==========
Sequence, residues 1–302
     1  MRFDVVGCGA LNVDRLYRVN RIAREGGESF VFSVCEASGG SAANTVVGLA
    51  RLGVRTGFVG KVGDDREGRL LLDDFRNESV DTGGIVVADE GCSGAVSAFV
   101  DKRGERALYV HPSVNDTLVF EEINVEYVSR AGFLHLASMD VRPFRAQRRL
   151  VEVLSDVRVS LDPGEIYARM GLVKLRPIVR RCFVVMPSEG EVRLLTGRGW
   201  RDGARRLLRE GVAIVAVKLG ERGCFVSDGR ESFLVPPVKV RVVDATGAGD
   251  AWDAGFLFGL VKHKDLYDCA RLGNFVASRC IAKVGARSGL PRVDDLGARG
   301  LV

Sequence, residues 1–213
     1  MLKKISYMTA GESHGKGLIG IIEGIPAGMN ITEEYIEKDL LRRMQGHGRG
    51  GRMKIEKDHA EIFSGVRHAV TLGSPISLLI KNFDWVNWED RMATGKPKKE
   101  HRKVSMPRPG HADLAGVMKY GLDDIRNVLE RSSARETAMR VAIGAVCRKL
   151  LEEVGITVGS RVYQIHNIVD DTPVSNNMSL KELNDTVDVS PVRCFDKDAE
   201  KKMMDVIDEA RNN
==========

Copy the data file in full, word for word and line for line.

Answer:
Sequence, residues 1–302
     1  MRFDVVGCGA LNVDRLYRVN RIAREGGESF VFSVCEASGG SAANTVVGLA
    51  RLGVRTGFVG KVGDDREGRL LLDDFRNESV DTGGIVVADE GCSGAVSAFV
   101  DKRGERALYV HPSVNDTLVF EEINVEYVSR AGFLHLASMD VRPFRAQRRL
   151  VEVLSDVRVS LDPGEIYARM GLVKLRPIVR RCFVVMPSEG EVRLLTGRGW
   201  RDGARRLLRE GVAIVAVKLG ERGCFVSDGR ESFLVPPVKV RVVDATGAGD
   251  AWDAGFLFGL VKHKDLYDCA RLGNFVASRC IAKVGARSGL PRVDDLGARG
   301  LV

Sequence, residues 1–213
     1  MLKKISYMTA GESHGKGLIG IIEGIPAGMN ITEEYIEKDL LRRMQGHGRG
    51  GRMKIEKDHA EIFSGVRHAV TLGSPISLLI KNFDWVNWED RMATGKPKKE
   101  HRKVSMPRPG HADLAGVMKY GLDDIRNVLE RSSARETAMR VAIGAVCRKL
   151  LEEVGITVGS RVYQIHNIVD DTPVSNNMSL KELNDTVDVS PVRCFDKDAE
   201  KKMMDVIDEA RNN